But, as has been said many times, the single greatest influences of hearts and minds are arts and study. So, to endorse an academic and artistic boycott is to pursue the exact measure that hinders the ability to make changes.

    It is only the conclusion that a people are unreachable, that supports that. But, in the REALITY that the dissenters organizing this have not even tried, have not even dared to communicate their views person to person, makes advocacy of boycotts an armchair “accountability”, a form of commitment that renounces COMMITMENT.

    Involvement is what transforms.

    • VR
      August 20, 2009, 11:51 pm

      Yes, this along with a 100 year debate about what “non-punitive surgery” to use, give it a rest Witty.

    • America First
      August 21, 2009, 6:10 am

      It has not been tried, Israel has been insulated from all pressure by big daddy US. That’s what’s changing, beginning with the public discourse, and that’s what scares you so much. I just wonder whether you’re more scared of the loss of Israeli control over Palestine, or of Jewish power in the US.

      • Ali Ahmad
        August 21, 2009, 8:35 am

        Richard Witty must have some kind of a notification service turned on for posts uploaded here. He is always the first to comment. One other strategy he is pursuing, and which I’ve seen elsewhere, is to write other first level comment on the same page again and again, sometimes just repeating the same idea in the first comment. The rest of the people who comment end up catching up and stay on the defense and Richard gets to focus the conversation to his advantage. The reader gets the feeling that there is much opposition to what is being said and more readily reaches the “conclusion” that the issue is “controversial.” This conclusion, of course, by disabling the forming of an opinion and paralyzing action, is to the advantage of the oppressor and the dominant in the relationship and ensures the continuity of the massive funding and arming of Israel.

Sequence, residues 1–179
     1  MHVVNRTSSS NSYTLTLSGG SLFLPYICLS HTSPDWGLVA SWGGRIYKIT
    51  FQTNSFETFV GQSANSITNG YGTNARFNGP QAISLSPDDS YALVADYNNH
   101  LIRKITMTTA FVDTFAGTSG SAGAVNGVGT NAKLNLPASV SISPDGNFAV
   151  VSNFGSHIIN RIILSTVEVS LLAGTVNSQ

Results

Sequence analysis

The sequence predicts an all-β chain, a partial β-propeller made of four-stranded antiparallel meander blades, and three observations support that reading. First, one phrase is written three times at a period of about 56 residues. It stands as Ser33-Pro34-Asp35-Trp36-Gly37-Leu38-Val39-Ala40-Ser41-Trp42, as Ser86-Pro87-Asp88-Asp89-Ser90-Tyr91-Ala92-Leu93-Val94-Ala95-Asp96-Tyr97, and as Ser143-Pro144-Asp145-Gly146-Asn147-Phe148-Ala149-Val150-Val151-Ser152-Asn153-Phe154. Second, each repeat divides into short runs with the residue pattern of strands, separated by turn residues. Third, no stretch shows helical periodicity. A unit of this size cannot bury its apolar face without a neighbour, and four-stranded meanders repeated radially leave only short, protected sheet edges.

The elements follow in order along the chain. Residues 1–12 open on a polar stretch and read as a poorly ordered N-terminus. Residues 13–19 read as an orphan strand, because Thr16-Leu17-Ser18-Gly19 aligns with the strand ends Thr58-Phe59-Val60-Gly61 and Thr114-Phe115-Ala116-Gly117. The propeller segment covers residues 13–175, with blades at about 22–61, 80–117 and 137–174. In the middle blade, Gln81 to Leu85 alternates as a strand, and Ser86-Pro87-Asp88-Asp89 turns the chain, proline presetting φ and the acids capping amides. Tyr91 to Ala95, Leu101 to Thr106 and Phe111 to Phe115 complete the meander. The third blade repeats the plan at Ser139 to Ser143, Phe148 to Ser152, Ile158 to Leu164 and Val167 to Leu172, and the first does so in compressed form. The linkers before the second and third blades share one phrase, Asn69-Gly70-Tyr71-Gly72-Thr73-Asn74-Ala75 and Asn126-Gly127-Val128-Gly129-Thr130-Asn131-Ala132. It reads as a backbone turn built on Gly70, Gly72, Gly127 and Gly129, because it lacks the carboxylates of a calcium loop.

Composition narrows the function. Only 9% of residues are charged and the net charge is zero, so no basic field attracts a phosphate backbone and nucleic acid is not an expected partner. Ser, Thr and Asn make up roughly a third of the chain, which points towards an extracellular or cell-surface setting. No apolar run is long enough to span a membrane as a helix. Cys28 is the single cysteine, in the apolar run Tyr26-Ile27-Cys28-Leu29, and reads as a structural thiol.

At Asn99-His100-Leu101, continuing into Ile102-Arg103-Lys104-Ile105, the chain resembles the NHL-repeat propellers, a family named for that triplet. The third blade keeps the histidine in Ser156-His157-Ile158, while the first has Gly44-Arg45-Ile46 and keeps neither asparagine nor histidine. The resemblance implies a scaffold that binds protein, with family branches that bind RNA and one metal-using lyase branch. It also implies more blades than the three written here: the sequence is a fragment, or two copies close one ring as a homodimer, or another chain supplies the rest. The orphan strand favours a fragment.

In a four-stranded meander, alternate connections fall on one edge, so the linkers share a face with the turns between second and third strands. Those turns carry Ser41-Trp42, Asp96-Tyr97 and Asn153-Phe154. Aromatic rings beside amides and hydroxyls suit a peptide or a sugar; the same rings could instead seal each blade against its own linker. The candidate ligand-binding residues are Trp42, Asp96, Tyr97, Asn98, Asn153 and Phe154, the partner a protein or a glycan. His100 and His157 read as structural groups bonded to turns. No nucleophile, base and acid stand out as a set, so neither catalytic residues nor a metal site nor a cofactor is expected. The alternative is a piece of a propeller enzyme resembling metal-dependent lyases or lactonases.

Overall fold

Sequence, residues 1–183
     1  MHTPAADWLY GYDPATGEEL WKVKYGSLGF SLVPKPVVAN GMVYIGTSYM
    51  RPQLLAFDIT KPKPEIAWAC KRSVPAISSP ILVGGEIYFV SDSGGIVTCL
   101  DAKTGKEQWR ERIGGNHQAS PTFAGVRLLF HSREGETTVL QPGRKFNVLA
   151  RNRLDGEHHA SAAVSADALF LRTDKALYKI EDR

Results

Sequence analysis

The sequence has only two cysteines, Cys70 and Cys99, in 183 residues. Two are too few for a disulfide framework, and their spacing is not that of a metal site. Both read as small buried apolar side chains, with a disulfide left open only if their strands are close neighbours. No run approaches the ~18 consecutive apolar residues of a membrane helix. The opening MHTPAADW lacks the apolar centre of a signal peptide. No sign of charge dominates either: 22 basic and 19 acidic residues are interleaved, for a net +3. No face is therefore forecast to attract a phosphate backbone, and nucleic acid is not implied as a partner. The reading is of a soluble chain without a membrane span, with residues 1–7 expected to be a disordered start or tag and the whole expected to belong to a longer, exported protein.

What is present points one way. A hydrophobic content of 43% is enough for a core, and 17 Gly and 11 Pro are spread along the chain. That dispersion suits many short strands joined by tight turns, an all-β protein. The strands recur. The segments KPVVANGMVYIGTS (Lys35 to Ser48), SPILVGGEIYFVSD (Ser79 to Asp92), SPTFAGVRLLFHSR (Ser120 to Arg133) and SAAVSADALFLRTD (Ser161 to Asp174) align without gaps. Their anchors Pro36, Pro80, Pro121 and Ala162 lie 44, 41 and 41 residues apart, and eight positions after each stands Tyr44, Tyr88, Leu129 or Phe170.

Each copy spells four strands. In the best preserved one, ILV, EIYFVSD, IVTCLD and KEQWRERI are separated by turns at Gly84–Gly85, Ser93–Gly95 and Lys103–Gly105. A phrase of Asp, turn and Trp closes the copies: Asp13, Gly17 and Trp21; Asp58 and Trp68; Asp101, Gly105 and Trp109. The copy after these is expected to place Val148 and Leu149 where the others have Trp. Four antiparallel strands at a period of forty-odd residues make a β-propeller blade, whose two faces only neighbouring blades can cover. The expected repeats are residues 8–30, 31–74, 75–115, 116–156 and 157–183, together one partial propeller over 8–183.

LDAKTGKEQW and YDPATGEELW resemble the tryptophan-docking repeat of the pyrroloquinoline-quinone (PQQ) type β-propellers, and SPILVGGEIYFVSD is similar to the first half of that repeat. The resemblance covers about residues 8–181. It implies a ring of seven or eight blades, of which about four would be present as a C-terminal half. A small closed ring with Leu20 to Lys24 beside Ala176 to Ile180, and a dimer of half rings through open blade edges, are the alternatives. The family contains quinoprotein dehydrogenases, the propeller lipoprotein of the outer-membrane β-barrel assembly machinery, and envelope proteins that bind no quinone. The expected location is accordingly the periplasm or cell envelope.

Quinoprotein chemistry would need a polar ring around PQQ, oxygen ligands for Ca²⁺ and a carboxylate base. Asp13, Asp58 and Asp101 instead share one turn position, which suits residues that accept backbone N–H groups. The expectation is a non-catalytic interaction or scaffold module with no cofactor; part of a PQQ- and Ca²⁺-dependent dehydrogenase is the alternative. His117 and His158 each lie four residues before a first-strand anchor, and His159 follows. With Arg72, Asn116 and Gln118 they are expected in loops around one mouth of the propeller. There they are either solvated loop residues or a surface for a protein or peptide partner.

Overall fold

There is another side of this; it keeps the likes of Richard Witty busy. It drains the resources of the IDF in continuous battles on the Internet. Israel thinks that oppressing the Palestinians long enough will get them to leave or to to indefinitely submit. They are missing the human element in the equation. But they are also missing it in another context. The perpetual state of conflict, confrontation and alarm Israelis are paying for sustaining their domination of Palestinians will pressure them, will radicalize them and will isolate them so that before the civil world intervenes, they might very well individually and socially break down themselves.

      • Margaret
        August 24, 2009, 5:39 am

        “focus the conversation to his advantage.”
        “The reader gets the feeling that there is much opposition to what is being said and more readily reaches the “conclusion” that the issue is “controversial.”

        Interesting observation, as are the conclusions. Thanks.

      • Shingo
        August 24, 2009, 9:17 am

        Ricahrd is a vigilant poster here and provides food for thought, though his efforts to portray moderation usually fall falt, as they are betrayed by his bias.

  2. Gellian
    August 20, 2009, 9:56 pm

    Interesting idea, but it depends how you interpret it. Two years ago when Israel was carpet bombing Lebanon, I actually worked specifically *against* the boycott – i.e, I participated in some academic work that (as I explained to the Israelis) I had chosen to do as a counter-measure for the boycott, even though ( as I did not explain to the Israelis) I thought they were committing war crimes.

    My reasoning is that the academics are the very group of brave Israelis who are working to change their system from within. I can’t imagine the pressure a humanistically-inclined Israeli must feel in going against the system that, as far as i can tell, the remained of his or her country completely supports. The pressure in resisting the Iraqi invasion was tremendous (and I foolishly supported it, being too naive to know better). Abandoning these brave souls is giving them the Bay of Pigs treatment. You’ve showcased videos periodically from academics who get in the faces of soldiers, who try to spark their conscience, who understand that Palestinians are human beings and not Untermenschen. How can we boycott them? Someone tell me a better solution…